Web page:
The prior art has not provided a truly accurate and rapidly responding set-back device and especially an accurate set-back to 40.degree. F., which can be used with thermostats having a low setting of 50.degree. or 55.degree. F. It will be appreciated that for this particular application (i.e., a set-back to 40.degree. F.) the set-back device has to operate accurately and fast to avoid any danger of freezing and damage to water pipes that would occur if the home temperature would be allowed to fall below 32.degree. F. This is perhaps the reason why many of the commercially available set-back devices are timer operated and are intended to be used only at night when less heat is required. That is, presently commercially available set-back devices are so inaccurate that they are sold only in combination with timers which shut them off after a few hours of operation. In this way they avoid the danger of freezing which would be caused by their inaccuracy. Thus, the prior art has not developed a device which can be used safely over extended periods of time, as for instance when people are away on vacation. Still further, the prior art has not developed a set-back device which is inexpensive and which will provide an accurate and rapidly responding set-back for many different types of thermostats.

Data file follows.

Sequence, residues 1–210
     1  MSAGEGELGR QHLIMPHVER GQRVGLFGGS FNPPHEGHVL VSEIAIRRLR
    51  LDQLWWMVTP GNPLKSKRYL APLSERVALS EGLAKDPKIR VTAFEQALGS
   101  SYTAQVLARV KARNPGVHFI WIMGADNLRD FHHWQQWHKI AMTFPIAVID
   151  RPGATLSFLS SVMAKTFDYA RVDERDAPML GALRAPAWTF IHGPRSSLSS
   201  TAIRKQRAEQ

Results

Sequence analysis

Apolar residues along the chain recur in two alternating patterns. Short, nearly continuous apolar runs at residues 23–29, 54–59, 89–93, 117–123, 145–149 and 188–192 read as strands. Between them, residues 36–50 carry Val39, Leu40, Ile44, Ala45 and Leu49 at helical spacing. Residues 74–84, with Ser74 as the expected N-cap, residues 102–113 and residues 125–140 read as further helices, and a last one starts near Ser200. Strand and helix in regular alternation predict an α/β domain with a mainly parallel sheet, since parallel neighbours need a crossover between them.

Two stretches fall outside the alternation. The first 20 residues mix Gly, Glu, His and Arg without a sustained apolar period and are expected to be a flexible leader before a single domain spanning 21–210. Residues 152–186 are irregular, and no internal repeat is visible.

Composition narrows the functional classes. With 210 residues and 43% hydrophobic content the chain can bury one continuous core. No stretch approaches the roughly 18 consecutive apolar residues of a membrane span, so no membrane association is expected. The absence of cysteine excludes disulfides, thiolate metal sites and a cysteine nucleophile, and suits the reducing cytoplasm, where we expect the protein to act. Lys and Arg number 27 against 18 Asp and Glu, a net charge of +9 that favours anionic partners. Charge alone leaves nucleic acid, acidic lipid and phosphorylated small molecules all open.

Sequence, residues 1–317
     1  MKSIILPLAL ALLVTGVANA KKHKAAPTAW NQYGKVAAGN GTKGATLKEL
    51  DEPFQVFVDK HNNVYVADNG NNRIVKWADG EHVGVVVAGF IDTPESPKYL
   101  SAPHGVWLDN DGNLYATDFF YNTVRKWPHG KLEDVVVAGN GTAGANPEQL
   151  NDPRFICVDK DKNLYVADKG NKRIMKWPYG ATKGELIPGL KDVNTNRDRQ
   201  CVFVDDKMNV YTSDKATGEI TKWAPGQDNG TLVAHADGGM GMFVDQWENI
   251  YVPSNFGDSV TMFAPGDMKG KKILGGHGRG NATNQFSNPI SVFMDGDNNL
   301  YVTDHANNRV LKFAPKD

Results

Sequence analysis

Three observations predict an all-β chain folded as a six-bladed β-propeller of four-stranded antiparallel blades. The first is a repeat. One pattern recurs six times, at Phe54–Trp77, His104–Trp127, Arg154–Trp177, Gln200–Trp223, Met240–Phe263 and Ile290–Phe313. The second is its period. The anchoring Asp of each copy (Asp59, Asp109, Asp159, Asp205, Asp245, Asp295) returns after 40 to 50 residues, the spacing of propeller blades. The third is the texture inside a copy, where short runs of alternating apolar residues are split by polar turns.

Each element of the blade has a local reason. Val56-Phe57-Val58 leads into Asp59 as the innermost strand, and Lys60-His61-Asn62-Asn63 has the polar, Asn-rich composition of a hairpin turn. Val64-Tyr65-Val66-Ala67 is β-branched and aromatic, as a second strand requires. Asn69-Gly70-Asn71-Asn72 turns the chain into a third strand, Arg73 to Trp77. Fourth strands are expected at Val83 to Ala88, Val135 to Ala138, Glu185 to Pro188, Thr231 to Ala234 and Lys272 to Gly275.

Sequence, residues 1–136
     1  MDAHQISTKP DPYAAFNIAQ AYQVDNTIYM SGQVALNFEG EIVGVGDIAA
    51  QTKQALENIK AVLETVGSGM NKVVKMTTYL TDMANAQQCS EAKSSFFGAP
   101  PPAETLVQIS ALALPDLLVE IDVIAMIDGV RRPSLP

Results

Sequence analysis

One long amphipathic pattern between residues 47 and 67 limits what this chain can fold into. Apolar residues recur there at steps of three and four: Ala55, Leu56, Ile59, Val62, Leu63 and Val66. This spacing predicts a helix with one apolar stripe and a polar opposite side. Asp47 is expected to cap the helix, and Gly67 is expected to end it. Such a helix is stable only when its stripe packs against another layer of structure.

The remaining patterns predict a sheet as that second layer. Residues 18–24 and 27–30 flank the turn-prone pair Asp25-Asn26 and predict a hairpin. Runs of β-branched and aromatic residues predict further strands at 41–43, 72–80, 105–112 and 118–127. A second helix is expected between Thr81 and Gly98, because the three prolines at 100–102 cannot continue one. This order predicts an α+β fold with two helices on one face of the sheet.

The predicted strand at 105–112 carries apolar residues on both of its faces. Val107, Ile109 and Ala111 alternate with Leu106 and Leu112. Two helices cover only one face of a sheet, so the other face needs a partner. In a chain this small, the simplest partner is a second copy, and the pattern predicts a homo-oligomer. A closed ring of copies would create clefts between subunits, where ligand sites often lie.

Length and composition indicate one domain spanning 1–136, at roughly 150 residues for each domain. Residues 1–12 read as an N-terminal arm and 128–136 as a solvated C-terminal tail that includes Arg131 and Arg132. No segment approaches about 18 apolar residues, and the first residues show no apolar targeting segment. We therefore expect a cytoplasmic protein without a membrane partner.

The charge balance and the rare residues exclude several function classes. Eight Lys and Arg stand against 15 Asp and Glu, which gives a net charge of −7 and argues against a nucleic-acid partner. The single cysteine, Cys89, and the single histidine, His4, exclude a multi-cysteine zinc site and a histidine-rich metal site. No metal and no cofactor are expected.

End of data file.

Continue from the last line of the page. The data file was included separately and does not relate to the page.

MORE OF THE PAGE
Prior art attempts at providing set-back devices have failed to provide accurate and fast tracking of temperature changes for several reasons. One of these is that it has not been recognized that proper guidance is required for delivery of heated air to and past the thermostat. Another reason relates to the type of heater. In the prior art devices, point source heaters, such as resistors and lamps, were used. These are not as accurate in providing a precise set-back. Still another reason is that it was not recognized that a well defined geometry is needed between the heater, the means to guide heated air pass the thermostat, and the thermostat itself. In the present invention, an accurate and fast tracking thermostat range controller is provided using these considerations. As will be apparent the performance of this novel device is vastly superior to those of the prior art.